In 2013, James Franco and Travis Mathews made Interior. Leather Bar which was marketed as a film that “reconstructs” those lost 40 minutes of Friedkin’s film. That marketing is a lie. Interior. Leather Bar is actually about Franco and Mathews making those 40 minutes – and their lead actor Val Lauren, who is not “playing Pacino” but is “playing the same character Pacino played” and his discomfort with the project. Like Pacino, and the character he plays, Lauren is not gay and is uncomfortable descending into this world. In his first meeting with Franco and Mathews, he confesses that he “doesn’t understand” the project or its vision. But he’s a longtime friend and collaborator of Franco’s – so he trusts his vision. The whole shoot of those lost 40 minutes seem to happen all over one long day – a day in which Lauren grows increasingly uncomfortable with what he’s watching. How much of Interior. Leather Bar is staged, and how much is real? It plays like a behind the scenes documentary, but there is enough evidence to suggest that the whole thing is staged.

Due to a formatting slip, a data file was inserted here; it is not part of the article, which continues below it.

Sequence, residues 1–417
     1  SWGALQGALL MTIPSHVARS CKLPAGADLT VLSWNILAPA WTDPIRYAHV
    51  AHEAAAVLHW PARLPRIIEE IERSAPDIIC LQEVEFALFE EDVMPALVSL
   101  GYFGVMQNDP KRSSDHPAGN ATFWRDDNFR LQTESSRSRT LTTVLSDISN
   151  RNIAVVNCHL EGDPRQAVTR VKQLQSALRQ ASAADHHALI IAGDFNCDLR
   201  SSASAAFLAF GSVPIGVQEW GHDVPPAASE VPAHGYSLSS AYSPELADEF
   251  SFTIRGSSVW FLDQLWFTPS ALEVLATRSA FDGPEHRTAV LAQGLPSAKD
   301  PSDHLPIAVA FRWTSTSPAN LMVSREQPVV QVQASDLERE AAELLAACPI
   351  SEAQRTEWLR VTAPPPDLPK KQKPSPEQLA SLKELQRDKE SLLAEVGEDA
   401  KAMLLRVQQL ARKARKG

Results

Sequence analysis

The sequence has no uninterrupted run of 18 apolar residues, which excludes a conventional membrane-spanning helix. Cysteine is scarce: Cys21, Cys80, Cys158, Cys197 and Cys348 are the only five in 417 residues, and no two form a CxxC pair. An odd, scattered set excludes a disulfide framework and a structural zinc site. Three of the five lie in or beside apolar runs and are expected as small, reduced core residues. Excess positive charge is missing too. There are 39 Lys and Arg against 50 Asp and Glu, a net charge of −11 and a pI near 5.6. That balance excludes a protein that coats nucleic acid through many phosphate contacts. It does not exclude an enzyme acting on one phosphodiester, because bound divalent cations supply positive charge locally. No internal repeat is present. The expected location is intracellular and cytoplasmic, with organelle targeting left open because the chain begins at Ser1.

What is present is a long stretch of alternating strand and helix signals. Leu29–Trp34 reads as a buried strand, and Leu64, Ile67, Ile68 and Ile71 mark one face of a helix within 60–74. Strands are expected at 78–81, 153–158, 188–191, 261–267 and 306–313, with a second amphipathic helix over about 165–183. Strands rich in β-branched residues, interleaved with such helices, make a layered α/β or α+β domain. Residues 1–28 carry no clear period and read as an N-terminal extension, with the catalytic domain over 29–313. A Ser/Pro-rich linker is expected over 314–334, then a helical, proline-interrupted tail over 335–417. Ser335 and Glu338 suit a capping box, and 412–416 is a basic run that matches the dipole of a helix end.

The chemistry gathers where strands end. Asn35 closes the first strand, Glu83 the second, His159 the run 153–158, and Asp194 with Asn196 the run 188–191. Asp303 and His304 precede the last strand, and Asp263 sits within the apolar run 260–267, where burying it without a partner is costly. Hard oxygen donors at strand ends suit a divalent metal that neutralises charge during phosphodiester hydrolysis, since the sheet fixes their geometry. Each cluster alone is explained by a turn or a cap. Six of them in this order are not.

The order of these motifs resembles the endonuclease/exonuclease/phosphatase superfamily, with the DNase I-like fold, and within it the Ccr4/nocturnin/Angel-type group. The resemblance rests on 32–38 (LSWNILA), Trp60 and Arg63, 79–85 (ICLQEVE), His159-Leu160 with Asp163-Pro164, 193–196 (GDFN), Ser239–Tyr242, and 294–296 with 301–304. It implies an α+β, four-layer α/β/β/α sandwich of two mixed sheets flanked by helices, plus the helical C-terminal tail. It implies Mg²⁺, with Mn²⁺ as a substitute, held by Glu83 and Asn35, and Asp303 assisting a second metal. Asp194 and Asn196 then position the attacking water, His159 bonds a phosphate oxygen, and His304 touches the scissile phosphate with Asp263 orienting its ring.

Getting back to Cruising, it is at best a flawed film for Friedkin. The original protestors were somewhat right about the film. The identity of the killer (if he really is the killer, or should I say the only killer) does represent kind of the worst sort of “killer Queen” stereotypes that upset gay viewers to this day. Yet, it is also true that Friedkin never really does any moralizing about the clubs themselves. There are two blatantly homophobic cops near the beginning of the film, but they are portrayed as such. Sorvino’s Edelson is more than sympathetic to the victims and wants to find the killer. There are gay characters – like Pacino’s neighbor – that don’t fit into the stereotypes we normally associate with gay characters (at least completely). Friedkin’s camera captures what was happening in the leather clubs, but doesn’t make it look sick or disgusting and doesn’t judge the people in them. This is mainly why the film has become a cult hit among gay viewers – it’s one of the only films of its era that addressed gay characters at all – and almost works as a look back to a more carefree, hedonistic time in gay culture – before AIDS came along and ruined it. There are certainly elements to the film beside the “killer Queen” angle that come across as slightly homophobic – the giant black man in a leather G-string who is apparently on the NYPD payroll just to beat gay people during interrogations for example – but it almost seems accidental. I believe Friedkin when he says he never saw the film as about gay culture, but rather a murder mystery set in gay culture. And if the film is dark and nihilistic, offering a very bleak view of humanity, well’s that’s perfectly in line with the filmmaker who made The French Connection, The Exorcist, Sorcerer, To Live and Die in LA and Killer Joe. He has never been the cheeriest of filmmakers.